Lyon’s mythic indoor food market with an international reputation for offering the very finest gourmet food.
In 1859, Lyon created its first covered market at the Place des Cordeliers to facilitate the daily lives of traders and customers.
The city decided to build in 1971 a new indoor market in the neighbourhood of La Part-Dieu close to Lyon’s main train station. Extensive renovations took place in 2004 resulting in the now 13,000 square metres of food vendors over 3 floors.
The opening of this market is one of the reasons Lyon is named the ‘French capital of gastronomy’.
The final touch was undoubtedly master chef Paul Bocuse adding his name to the title of the market and securing its reputation as one of the finest places for food anywhere.
You can’t imagine the incredible variety of foods of the finest and highest quality, all under one roof.
48 vendors are representing a vast diversity of produce like fruits and seafood, cheese, bakeries, vegetables, dried meats, poultry, truffles, spices, flowers and more.
There are also several bars and restaurants linked to their stalls that make this an ideal location to sample Lyon’s gastronomical delights. One of them is Maison Cellerier.
The stall and restaurant are located in the heart of Les Halles and is definitely a great place to appreciate the excellent products selected by this Lyon institution.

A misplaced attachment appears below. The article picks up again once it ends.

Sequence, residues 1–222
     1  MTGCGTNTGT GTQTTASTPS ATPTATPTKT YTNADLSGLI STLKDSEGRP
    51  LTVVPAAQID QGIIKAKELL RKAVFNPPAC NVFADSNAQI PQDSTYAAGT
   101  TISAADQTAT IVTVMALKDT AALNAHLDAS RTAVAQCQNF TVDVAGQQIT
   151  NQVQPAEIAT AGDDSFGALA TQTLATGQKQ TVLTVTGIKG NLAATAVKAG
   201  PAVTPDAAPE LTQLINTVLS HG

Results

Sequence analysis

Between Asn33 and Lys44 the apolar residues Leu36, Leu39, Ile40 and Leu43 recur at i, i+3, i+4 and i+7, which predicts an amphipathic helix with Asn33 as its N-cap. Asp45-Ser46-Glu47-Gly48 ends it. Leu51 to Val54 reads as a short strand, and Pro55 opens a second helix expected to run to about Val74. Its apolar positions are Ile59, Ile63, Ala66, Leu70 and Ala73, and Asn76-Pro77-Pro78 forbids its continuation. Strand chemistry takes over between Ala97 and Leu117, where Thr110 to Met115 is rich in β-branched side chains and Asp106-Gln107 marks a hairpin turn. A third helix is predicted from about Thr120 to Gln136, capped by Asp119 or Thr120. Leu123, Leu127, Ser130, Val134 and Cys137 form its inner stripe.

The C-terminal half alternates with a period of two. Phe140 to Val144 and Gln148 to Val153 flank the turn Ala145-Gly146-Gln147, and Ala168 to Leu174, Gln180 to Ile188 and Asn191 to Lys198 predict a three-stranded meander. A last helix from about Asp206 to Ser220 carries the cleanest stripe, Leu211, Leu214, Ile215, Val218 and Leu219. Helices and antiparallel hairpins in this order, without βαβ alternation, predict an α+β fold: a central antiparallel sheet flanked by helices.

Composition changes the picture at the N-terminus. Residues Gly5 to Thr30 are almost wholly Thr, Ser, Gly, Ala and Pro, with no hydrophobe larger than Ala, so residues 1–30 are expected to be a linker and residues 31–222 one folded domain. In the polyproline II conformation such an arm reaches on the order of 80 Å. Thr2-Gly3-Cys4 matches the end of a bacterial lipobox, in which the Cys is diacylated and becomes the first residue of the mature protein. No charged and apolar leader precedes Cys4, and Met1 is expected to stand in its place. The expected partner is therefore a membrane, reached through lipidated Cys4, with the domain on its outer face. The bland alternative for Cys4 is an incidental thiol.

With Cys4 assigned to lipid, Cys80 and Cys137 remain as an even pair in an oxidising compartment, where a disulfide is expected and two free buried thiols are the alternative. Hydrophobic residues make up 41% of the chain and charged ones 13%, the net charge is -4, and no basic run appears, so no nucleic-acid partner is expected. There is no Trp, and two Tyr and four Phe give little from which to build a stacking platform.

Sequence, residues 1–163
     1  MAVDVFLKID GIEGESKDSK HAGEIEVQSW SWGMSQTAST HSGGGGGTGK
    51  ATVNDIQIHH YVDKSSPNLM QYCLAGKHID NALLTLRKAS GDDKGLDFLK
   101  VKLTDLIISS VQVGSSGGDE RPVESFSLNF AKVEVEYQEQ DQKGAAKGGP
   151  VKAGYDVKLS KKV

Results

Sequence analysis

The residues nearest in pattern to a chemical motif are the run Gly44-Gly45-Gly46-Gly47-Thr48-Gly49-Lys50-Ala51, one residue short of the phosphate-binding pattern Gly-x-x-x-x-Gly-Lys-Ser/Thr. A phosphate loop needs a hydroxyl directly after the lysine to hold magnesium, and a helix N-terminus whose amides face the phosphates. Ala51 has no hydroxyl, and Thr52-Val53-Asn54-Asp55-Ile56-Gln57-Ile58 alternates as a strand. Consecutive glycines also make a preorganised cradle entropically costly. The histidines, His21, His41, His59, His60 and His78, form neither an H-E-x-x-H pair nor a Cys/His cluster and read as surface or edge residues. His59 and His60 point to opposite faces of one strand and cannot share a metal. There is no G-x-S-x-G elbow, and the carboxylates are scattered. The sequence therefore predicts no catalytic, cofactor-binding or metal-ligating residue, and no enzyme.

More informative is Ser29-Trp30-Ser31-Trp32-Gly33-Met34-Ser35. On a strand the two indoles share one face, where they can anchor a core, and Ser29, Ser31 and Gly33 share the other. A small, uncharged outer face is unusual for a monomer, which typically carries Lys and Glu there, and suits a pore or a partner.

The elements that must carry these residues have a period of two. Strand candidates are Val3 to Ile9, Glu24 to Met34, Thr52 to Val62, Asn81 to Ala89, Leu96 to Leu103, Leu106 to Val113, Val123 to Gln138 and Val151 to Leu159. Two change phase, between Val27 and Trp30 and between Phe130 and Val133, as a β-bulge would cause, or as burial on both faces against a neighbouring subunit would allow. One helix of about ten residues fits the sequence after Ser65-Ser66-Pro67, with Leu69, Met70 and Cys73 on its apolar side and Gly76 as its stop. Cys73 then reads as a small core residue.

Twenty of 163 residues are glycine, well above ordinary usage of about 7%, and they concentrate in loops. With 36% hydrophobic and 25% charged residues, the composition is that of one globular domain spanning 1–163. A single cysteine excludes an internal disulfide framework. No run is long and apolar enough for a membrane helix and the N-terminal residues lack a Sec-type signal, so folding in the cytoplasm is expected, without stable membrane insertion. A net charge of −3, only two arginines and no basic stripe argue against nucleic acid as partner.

Maison Cellerier has various catering, shellfish and cheese counters. My friends naturally took a seafood platter with Gillardeau and Norman oysters, not to mention the whelks: ‘simplement bon!’ was their conclusion. We finished with a homemade passion pie. The atmosphere is neck and neck but well, we are in Les Halles and conviviality is essential. An address where the luxury of simplicity takes on its full meaning.
Another one you definitely have to visit if you are a cheeselover is the cheese of La Mère Richard.
I remember well the first time I tasted her 'Saint Marcellin'.
I was staying for a week at friends who took me to Les Halles de Lyon. I have visited many markets worldwide and none are the same, of course, because that depends very much on the culinary culture of the country. I found this French market to be remarkably good and extensive and the bars and restaurants in the complex where you can sit down on the spot and eat something from the local producers was great!
So, at the end of the lunch, my friends almost forced me to taste it!
We went to La Mere Richard's stall and we asked for a St. Marcellin. ‘When do you want to eat the cheese‘ was the question. They poked several rounds to find one that would be perfectly ripe by then.
Of course I wanted to know more about this cheese that was so praised and for which there were apparently thick lines over the weekend.
Locals say its cheese is a unique and always unparalleled product. Its ripening on straw allows, throughout its duration, to sort and select the best cheeses.